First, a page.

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J Ethnopharmacol. 2008 Jul 23;118(2):246-51. doi: 10.1016/j.jep.2008.04.005. Epub 2008 Apr 12.

Physalis angulata extract exerts anti-inflammatory effects in rats by inhibiting different pathways.

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  • 1Laboratório de Neuroquímica Molecular e Celular, Instituto de Ciências Biológicas, Universidade Federal do Pará, 66075-900 Belém, Pará, Brazil.

Abstract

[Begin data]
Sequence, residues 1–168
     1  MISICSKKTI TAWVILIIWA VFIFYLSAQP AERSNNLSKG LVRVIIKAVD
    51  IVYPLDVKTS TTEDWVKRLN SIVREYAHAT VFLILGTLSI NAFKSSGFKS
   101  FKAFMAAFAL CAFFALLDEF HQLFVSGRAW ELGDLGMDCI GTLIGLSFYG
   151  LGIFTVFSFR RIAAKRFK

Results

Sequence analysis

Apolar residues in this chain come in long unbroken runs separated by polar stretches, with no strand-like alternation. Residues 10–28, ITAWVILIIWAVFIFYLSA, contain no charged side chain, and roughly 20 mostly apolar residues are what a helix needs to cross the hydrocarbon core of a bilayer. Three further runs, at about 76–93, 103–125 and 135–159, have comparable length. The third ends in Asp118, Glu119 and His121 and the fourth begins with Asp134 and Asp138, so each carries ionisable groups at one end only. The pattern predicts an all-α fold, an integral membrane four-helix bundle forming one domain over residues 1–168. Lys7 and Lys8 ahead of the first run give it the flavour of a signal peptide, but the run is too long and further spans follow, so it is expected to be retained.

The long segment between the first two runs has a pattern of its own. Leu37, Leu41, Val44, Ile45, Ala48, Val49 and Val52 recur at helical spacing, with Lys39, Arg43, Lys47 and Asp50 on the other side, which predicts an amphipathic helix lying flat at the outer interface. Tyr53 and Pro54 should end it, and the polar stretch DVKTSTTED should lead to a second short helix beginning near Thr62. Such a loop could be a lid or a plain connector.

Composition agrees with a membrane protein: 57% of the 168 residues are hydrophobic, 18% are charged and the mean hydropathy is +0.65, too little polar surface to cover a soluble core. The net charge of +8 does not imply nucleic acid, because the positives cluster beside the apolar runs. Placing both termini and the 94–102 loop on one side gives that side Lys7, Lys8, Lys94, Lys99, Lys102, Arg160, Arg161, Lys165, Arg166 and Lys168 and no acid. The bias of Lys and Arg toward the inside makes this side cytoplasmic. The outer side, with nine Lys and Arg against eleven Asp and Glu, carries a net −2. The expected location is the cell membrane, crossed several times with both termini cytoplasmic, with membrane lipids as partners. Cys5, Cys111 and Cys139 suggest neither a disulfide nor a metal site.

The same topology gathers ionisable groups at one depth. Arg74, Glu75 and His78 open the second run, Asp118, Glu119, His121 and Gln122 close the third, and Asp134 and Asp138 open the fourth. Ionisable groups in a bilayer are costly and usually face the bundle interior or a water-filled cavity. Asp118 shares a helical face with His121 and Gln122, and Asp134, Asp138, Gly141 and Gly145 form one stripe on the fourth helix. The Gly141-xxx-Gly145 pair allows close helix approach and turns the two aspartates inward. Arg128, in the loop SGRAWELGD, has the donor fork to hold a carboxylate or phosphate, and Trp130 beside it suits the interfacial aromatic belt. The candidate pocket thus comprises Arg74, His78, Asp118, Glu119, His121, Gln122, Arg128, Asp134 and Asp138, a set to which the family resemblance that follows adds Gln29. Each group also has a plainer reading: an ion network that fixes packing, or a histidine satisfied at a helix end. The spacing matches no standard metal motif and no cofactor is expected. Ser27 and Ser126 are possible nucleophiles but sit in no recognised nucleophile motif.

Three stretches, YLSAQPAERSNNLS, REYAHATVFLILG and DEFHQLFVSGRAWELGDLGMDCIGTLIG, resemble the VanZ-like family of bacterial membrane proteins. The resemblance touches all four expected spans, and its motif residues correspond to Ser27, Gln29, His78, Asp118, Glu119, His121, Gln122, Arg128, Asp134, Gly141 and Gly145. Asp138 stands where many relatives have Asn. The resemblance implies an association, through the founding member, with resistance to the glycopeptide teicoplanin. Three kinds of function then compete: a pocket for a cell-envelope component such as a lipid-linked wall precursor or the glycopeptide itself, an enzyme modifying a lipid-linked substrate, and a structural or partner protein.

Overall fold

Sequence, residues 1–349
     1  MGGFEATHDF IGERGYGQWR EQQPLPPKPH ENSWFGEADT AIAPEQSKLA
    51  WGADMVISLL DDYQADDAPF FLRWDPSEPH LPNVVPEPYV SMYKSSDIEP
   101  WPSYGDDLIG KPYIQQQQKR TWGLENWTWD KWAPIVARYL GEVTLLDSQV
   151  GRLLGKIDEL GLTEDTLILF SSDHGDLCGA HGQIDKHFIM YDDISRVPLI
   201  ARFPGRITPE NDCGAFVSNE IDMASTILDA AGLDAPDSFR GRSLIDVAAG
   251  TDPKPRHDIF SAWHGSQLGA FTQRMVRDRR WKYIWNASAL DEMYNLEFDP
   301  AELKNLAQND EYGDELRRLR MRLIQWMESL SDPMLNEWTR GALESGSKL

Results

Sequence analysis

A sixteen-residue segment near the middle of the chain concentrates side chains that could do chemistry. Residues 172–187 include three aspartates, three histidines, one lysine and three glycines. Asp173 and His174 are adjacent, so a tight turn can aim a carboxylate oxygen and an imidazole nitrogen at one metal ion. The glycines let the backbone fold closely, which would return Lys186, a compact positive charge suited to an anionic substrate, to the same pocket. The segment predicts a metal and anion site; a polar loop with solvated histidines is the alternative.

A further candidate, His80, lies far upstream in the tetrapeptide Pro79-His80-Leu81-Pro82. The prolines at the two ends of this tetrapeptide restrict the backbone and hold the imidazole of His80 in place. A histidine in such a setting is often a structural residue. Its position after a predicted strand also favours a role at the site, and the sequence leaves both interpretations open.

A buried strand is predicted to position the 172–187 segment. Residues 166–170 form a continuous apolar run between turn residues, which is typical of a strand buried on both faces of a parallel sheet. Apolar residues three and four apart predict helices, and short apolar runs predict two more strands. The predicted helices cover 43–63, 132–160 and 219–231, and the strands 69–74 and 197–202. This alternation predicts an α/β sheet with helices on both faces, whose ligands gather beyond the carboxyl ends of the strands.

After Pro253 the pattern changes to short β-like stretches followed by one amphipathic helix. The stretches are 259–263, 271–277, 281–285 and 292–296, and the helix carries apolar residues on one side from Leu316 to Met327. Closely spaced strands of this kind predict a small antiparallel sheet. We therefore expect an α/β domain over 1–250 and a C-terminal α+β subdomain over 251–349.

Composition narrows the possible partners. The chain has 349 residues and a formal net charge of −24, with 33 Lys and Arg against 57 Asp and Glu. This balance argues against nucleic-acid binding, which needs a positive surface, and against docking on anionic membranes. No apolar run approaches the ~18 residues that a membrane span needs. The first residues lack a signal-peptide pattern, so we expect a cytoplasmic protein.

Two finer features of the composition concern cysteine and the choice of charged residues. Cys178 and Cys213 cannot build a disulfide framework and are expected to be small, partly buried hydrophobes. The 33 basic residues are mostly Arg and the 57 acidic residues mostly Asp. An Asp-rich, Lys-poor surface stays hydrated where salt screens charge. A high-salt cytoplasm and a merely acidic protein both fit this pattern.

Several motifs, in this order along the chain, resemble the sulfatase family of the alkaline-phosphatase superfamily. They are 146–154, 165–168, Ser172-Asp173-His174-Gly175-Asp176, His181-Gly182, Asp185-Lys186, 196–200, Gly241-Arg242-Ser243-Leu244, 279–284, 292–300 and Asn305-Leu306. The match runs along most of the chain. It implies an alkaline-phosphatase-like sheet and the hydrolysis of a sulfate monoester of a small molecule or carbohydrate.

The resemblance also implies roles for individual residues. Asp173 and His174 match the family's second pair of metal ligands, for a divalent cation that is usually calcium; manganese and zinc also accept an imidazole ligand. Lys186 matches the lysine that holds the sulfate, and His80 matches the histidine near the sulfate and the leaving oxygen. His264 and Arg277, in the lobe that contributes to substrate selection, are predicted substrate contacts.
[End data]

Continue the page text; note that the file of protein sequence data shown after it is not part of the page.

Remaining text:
Physalis angulata is a popular medicine used in Brazil due to its anti-inflammatory effects, but the pharmacological mechanisms underlying these actions remain to be better understood. In the present work, lyophilized aqueous extract from the roots of Physalis angulata Linneu (AEPa) was used to control the inflammatory response induced by the injection of 1% carrageenan into subcutaneous rat's air pouches. Adenosine deaminase (ADA) activity, nitrite level, and prostaglandin E(2) (PGE(2)) level were used to evaluate the action of inflammatory mediators. Tumor growth factor-beta (TGF-beta) level was used as a bioindicator of immunomodulatory response. Rats were injected with vehicle, indomethacin, or AEPa (0.5 mg/kg, 1 mg/kg, and 5 mg/kg i.p.), 1h before carrageenan administration. AEPa at 0.5 mg/kg had no effect. However, 1mg/kg of AEPa showed significant anti-inflammatory effects, decreasing exudate volume, total number of inflammatory cells, ADA activity, nitrite level, and PGE(2) level in 50%, 41%, 20%, 60%, and 41%, respectively. The anti-inflammatory effects of 5 mg/kg AEPa appeared to be more effective than those of 1 mg/kg AEPa (84%, 80%, 43%, 70%, and 75%, respectively). In addition, TGF-beta level was upregulated to 9700 pg/ml after 5mg/kg AEPa, in comparison with 160 pg/ml in the vehicle-treated group, and 137 pg/ml in the indomethacin-treated group. The results indicate that AEPa exerts powerful anti-inflammatory and immunomodulatory activities, interfering with the cyclooxygenase pathway, lymphocyte proliferation, NO, and TGF-beta production.

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